ZHANGJIAGANG, March 25, Reuter – Long live cellular phone socialism Zhangjiagang in east China is an economic success story that is giving the propaganda barons of the Communist Party new heart.
Once an isolated and poverty-stricken rural area on the banks of the Yangtze River Zhangjiagang is experiencing one of the fastest economic growth rates in the world.
Communist leaders, including the party chief, Jiang Zemin, and 640,000 cadres from all over China last year came to praise and learn from its example: startling growth rates combined with North Korean-style social discipline.
The ultimate aim is still the creation of communism,” the local propaganda chief, Qian Xueran, said.
This sort of talk is not heard very often in China these days, especially not from cadres with double-breasted suits and mobile phones. But Zhangjiagang is different.
Under the guidance of the charismatic local Communist Party chief, Qin Zhenhua the city of just 820,000 has under gone a complete reconstruction in the past four years physically and mentally.
Huge buildings have arisen, vast infrastructure projects and factories have been completed in record time.
The city’s gross domestic output last year was Rmbl5.25bn (HK$14.l8bn), mainly from textiles and light industrial products, and is expected to reach Rmb2lbn in 1996, officials said.
Such a growth rate would be four times the national average.
What’s more, all residents have been ordered to comply with strict new rules of social morality, including no smoking and no spitting in public places, which appear to be being followed.
Residents of Pyongyang in North Korea would feel at home here in the well-scrub bed city. The streets are wide and virtually empty, the local supermarket is huge and well-stocked and is almost deserted.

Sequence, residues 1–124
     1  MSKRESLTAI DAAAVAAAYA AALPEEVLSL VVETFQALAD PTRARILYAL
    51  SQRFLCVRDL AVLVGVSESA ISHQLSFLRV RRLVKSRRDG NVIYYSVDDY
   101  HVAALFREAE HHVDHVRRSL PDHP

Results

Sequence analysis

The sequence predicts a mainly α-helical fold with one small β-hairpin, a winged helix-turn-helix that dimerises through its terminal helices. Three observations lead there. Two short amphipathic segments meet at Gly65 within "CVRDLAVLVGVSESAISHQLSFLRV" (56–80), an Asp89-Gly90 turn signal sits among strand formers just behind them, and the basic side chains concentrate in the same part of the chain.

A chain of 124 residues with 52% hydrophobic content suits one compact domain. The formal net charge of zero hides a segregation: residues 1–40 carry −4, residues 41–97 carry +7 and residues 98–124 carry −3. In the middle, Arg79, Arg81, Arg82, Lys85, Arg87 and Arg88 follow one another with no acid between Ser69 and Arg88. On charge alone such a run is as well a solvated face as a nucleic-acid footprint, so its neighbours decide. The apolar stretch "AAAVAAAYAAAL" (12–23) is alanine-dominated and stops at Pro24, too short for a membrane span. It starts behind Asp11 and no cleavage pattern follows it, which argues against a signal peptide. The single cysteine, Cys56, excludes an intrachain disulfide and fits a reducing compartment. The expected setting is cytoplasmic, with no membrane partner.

There are few flaws visible in the facade of ideological correctness. But contrary to the assurances of city officials, local shops are selling pirated United States and Hong Kong music tapes.
“The key is to have good leadership and a determination to be number one,” Qian said.
What appeals to the communist leadership is that the engine of economic growth has been collective enterprises, not capitalist private enterprise with its unsavoury side-effects like money-grabbing millionaires.
Private enterprise, a key element in the growth of other coastal cities, is actively discouraged in Zhangjiagang, Qian said.
Its achievements are visible for all to see – modern buildings and infrastructure, a six-lane motorway, the sixth biggest port in China and a level of cleanliness and order that most of the country can only dream of.
The slogans are similar to those of the Cultural Revolution in the 1960s, when Maoist dogma and political correctness was all, even if the economic results were disastrous.
Dazhai village in north-west China was then held up as a national model where the hard work of peasants was said to have overcome difficult conditions. Dazhai’s achievements were largely fake.
The difference is that Dazhai was created as a propaganda tool while Zhangjiagang was seized upon only after it was already a success,” one resident said.
Jiang, allowing his name to be directly attached to the miracle of Zhangjiagang, last year wrote an inscription about “Zhangjiagang Spirit” which is now seen all over the city.
With such high-level backing, Zhangjiagang is aiming big – if not for the stars, then at least for the dragons. “Our aim is to catch up with developed countries and regions such as Asia’s four dragons – Singapore, Hong Kong, Taiwan and Korea – within 10 to 12 years,” Qian said.
“If you extrapolate the growth rates of the past five years, then ifs reasonable,” Daniel Tao, the vice-chairman of the Tangshi township enterprise, said.
The venture is building a textile base in co-operation with a number of German and French companies.
“But in the future, it is going to get more and more difficult to maintain those growth rates. The bigger you get, the harder it is.”
Not everyone is in favour of this effort at finding a new formula for economic development that is both profitable and politically correct.
“I tell you bluntly, I don’t like Zhangjiagang, the whole thing feels like a military camp to me,” a party official in Shanghai said.
“You can do big things on the basis of orders for a while, but how long can you maintain it for?
“Look at North Korea, it’s basically the same. Shanghai has lots of problems to be sure, but at least it has a feeling of humanity about it,” he said. REUTER